PennDOT inspects Fort Duquesne Bridge after concrete chunks fall
PennDOT officials conducted an emergency inspection on the Fort Duquesne Bridge after pieces of concrete fell to the ground on the North Shore on Tuesday.
The pieces, measuring between 6 and 10 inches in diameter, did not damage anything.
PennDOT District 11 Executive Cheryl Moon-Sirianni said the bridge is safe.
One fell at the intersection of Tony Dorsett Way and North Shore Drive and the other landed on a parking garage driveway on Reedsdale Street, Moon-Sirianni said. She said additional inspections will be performed next week to remove deteriorating concrete.
“There’s a minimum of 2 inches of concrete required on the bridge deck to cover the reinforcement bars and that’s the concrete that’s falling off,” said Moon-Sirianni. “The bridge is safe. If we see that there’s concrete falling off at a more rapid pace, then we will do emergency repairs like we do on all of our bridges when we have concerns.”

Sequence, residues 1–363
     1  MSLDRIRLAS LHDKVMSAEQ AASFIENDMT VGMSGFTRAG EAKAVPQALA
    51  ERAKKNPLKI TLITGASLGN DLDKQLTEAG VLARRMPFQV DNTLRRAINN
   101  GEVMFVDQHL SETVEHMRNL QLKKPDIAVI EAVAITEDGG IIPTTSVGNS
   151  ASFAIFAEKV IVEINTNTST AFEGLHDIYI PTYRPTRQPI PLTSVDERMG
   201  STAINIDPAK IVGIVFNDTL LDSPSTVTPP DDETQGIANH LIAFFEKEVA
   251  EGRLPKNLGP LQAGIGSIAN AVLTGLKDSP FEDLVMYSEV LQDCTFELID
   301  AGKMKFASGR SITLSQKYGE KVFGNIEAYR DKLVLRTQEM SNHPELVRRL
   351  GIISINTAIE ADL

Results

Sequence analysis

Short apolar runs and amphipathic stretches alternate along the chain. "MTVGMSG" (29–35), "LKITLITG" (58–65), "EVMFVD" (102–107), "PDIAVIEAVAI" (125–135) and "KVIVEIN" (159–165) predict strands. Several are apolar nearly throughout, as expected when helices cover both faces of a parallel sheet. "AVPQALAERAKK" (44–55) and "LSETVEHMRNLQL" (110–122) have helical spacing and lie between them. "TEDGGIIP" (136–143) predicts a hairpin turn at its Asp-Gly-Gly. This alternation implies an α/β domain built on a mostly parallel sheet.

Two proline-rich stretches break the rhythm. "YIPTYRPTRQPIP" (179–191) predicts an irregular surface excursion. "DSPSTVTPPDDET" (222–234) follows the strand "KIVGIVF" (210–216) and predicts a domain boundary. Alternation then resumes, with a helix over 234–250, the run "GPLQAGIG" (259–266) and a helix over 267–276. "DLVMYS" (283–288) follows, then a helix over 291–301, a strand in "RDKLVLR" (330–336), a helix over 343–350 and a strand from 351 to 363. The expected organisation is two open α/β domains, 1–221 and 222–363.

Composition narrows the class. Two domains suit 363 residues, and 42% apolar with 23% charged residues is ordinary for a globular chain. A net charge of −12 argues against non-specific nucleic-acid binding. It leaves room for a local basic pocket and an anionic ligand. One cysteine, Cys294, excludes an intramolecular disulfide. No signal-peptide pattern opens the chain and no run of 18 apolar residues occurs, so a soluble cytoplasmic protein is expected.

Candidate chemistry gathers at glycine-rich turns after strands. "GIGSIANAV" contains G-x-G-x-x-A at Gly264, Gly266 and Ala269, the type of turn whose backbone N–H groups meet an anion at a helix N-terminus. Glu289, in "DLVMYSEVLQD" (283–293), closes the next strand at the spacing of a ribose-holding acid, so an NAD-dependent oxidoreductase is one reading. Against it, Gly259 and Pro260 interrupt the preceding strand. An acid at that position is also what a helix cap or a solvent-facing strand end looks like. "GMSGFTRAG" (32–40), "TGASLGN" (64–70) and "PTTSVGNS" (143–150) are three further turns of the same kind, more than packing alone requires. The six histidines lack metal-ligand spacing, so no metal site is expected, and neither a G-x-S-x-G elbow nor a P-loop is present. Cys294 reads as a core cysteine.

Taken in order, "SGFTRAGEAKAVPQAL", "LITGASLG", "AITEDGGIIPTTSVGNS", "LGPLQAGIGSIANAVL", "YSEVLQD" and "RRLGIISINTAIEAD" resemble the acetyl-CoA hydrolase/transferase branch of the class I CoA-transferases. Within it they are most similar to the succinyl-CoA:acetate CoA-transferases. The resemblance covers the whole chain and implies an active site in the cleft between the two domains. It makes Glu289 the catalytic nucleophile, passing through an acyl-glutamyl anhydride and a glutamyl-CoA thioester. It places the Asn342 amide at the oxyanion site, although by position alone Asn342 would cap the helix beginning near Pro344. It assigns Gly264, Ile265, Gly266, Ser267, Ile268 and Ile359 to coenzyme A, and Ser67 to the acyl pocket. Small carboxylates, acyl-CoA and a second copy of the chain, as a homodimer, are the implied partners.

Moon-Sirianni said she doesn’t anticipate the need for any work that would interfere with rush-hour traffic and that any emergency repairs would likely occur during off-peak hours.
Lou Ruzzi, PennDOT’s district bridge engineer, said that eventually the deck will need to be replaced, most likely in the next decade.
Construction on the Fort Duquesne Bridge wrapped up in 1963 but due to delays in acquiring right-of-ways, the northern approach ramps were left incomplete, earning it the nickname “Bridge to Nowhere” until it was finally finished in 1969.
The concrete was only expected to last 40 to 45 years, meaning it has outlived its anticipated lifespan. The inspection schedule for the bridge will be changed from once every two years to every year, according to Moon-Sirianni.
Paul Guggenheimer is a Tribune-Review staff writer. You can contact Paul at 724-226-7706 or [email protected].